California bill would make it easier to sue gun-makers for liability in shootings

LOS ANGELES -- Some Democratic California lawmakers want to make it easier for people to sue gun companies for liability in shootings that cause injuries or deaths, a move advocates said Tuesday is aimed at getting around a U.S. law that prevents such lawsuits and allows the industry to act recklessly.

But critics call the bill, which is modeled after a New York law passed last year, an illegal overreach. They say its true purpose was to force gun manufacturers out of business.

In general, when someone is injured or killed by gunfire it's very hard for the victim or their family to hold the gun manufacturer or dealer responsible by suing them and making them pay for damages. A federal law prevents most of those types of lawsuits, which advocacy groups say is unique to the gun industry.

But the U.S law does permit some types of liability lawsuits, including when gun-makers break state or local laws regarding the sale and marketing of their products. Last year, New York approved a first-in-the-nation law declaring such violations a "public nuisance," opening up gun-makers to lawsuits.

California Assembly member Phil Ting of San Francisco unveiled a bill on Tuesday modeled after the New York law, which is being challenged in court by gun-makers.

"Almost every industry in the U.S. is held liable for what their products do. ... The gun industry is the one exception," Ting said. "Financial repercussions may encourage the firearms industry and dealers to be more responsible."

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The bill is co-authored by Assembly members Chris Ward of San Diego and Mike Gipson of Carson. Gipson's son, his son's fiancé and another man were shot in Los Angeles in April 2020. Gipson's son and fiancé survived. But the other man, Gary Patrick Moody, was killed.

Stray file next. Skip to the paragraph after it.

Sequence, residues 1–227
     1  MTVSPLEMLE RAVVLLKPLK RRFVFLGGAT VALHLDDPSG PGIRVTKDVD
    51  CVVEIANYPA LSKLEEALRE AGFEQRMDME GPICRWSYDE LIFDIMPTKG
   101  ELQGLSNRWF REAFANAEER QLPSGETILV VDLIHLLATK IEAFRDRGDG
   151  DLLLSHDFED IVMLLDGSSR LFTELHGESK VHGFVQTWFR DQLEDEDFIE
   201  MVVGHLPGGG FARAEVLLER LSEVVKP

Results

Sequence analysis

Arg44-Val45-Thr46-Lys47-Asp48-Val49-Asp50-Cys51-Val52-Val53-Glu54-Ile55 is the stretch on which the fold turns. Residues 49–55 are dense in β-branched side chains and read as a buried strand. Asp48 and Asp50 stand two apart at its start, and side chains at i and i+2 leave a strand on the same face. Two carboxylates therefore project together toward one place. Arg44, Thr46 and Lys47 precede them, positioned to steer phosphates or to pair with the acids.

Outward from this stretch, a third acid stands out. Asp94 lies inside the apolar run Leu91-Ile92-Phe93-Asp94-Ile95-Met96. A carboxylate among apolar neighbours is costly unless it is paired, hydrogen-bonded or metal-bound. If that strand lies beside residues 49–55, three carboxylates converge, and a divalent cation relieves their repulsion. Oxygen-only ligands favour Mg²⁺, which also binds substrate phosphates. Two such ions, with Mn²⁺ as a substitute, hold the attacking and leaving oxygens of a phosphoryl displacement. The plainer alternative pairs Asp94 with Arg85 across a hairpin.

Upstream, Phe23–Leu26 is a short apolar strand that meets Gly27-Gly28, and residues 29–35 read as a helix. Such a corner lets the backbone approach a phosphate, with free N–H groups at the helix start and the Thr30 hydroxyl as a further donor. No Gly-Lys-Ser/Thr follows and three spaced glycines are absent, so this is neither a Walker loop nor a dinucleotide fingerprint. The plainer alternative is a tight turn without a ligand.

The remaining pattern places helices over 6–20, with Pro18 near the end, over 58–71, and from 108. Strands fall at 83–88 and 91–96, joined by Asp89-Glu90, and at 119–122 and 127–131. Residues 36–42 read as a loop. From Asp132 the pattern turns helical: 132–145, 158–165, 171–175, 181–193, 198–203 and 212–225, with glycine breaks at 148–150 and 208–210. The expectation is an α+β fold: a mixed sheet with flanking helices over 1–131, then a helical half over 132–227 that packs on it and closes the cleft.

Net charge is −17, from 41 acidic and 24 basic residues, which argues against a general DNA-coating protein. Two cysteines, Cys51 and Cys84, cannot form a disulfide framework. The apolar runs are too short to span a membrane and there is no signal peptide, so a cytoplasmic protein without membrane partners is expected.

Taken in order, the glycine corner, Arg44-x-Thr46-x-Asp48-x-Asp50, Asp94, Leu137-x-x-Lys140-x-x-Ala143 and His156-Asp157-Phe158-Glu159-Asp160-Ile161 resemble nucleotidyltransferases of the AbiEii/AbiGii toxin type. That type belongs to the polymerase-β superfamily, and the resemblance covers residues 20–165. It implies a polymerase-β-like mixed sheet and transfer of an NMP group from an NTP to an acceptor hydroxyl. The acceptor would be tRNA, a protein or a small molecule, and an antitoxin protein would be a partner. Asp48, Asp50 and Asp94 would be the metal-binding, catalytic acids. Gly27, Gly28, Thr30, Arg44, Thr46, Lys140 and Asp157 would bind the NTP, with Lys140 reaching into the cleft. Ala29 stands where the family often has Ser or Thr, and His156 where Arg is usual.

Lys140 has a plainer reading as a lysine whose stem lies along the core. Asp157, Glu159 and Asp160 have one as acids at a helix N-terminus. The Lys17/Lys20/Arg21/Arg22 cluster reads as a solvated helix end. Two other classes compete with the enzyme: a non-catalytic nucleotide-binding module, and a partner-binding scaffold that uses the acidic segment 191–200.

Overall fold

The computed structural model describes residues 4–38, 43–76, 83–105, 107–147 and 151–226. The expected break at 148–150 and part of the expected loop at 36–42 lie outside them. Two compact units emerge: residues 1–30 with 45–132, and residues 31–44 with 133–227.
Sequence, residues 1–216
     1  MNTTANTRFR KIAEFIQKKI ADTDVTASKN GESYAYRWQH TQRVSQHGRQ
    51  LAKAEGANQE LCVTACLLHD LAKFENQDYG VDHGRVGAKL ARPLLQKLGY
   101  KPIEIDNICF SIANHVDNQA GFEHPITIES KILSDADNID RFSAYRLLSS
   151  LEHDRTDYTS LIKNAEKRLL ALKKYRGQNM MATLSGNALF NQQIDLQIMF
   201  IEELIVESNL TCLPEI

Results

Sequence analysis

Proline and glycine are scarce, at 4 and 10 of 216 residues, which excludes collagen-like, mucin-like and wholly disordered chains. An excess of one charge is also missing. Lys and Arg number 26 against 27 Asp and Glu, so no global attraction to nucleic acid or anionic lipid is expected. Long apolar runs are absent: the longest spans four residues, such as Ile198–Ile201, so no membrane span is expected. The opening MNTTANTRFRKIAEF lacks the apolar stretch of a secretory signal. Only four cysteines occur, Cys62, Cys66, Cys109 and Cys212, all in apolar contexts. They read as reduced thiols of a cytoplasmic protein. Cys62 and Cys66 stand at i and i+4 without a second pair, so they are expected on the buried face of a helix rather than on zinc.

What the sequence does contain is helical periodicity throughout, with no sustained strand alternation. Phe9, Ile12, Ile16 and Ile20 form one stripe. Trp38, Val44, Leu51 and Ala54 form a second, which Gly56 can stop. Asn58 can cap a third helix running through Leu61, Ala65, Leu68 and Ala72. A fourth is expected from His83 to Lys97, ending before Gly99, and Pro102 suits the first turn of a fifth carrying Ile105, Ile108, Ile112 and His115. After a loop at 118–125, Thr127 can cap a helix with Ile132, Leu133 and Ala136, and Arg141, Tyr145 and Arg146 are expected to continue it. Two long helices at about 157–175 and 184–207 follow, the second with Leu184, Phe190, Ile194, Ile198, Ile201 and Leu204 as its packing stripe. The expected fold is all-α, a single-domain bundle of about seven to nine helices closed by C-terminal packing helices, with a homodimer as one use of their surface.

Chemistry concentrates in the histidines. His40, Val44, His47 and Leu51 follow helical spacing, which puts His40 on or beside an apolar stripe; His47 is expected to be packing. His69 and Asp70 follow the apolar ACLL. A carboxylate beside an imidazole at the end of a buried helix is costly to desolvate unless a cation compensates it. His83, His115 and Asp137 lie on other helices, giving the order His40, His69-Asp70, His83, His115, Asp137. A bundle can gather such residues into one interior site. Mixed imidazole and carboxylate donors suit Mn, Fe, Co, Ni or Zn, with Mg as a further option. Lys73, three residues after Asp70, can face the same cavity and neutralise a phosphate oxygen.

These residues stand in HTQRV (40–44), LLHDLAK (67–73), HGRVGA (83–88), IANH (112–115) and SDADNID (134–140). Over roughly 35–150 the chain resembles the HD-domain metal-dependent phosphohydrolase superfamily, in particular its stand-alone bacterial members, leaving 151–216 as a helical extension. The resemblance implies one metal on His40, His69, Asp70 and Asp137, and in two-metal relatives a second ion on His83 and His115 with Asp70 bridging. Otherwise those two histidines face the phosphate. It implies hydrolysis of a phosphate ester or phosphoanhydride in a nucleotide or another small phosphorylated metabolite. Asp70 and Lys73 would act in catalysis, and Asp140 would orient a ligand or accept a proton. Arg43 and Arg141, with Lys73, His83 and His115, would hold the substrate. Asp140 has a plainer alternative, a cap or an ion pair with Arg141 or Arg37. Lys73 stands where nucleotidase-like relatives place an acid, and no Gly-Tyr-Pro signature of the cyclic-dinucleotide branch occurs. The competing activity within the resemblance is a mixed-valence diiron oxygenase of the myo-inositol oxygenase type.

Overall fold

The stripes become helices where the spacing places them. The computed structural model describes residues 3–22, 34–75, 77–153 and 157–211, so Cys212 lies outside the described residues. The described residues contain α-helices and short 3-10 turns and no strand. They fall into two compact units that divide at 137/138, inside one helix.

"This is absolutely personal to me," said Gipson, a former police officer.

Gun advocates quickly denounced the bill, known as AB 1594, as a smokescreen for another attempt by California progressives to ban guns. Sam Paredes, executive director of Gun Owners of California, compared it to suing Gov. Gavin Newsom because he owns a winery and people have misused his products by drinking and driving.

"He can't ban guns, but he's going to try to bankrupt lawful firearms-related businesses," Paredes said.

California has some of the toughest gun laws in the country, including a ban on most assault weapons that has been in place for decades. But last year, a federal judge overturned California's assault weapons ban, prompting a lengthy appeals process.

Angered by the move, Newsom last month asked the state Legislature to pass a law allowing citizens to enforce the state's assault weapons ban through lawsuits. The idea is similar to a Texas law that bans most abortions but leaves it up to private citizens to enforce the law by taking offenders to court.

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The bill announced on Tuesday would not do that. Instead, Ting said it would let people and governments sue gun manufacturers or dealers for liability in shooting deaths or injuries. That's a key distinction from the Texas abortion law, which is only enforceable by private lawsuits.

It's unclear what these potential lawsuits against gun makers could include. The bill filed in the state Legislature is just one sentence long, declaring gun manufacturers have created a public nuisance if their failure to follow state and local gun laws result in injury or death. The bill will likely be changed several times as it moves through the legislative process.

Tanya Schardt, senior counsel for gun control group the Brady Campaign, said lawsuits could include suing gun dealers who knowingly sell weapons to people who then sell them illegally to others who are not allowed to own them. Or it could mean suing a gun manufacturer that supplies dealers they know are selling guns used in crimes.

The goal is to "create an environment where the gun industry is held accountable," Schardt said.

Chuck Michel, a civil rights attorney and president of the California Rifle and Pistol Association, said that goal will likely backfire by making it harder for law-abiding citizens to have guns for self-defense.

"As a matter of policy, to try and shift the blame for the criminal misuse of a lawful product that is used far more often to save lives and protect lives than to take them is a terrible idea," he said.
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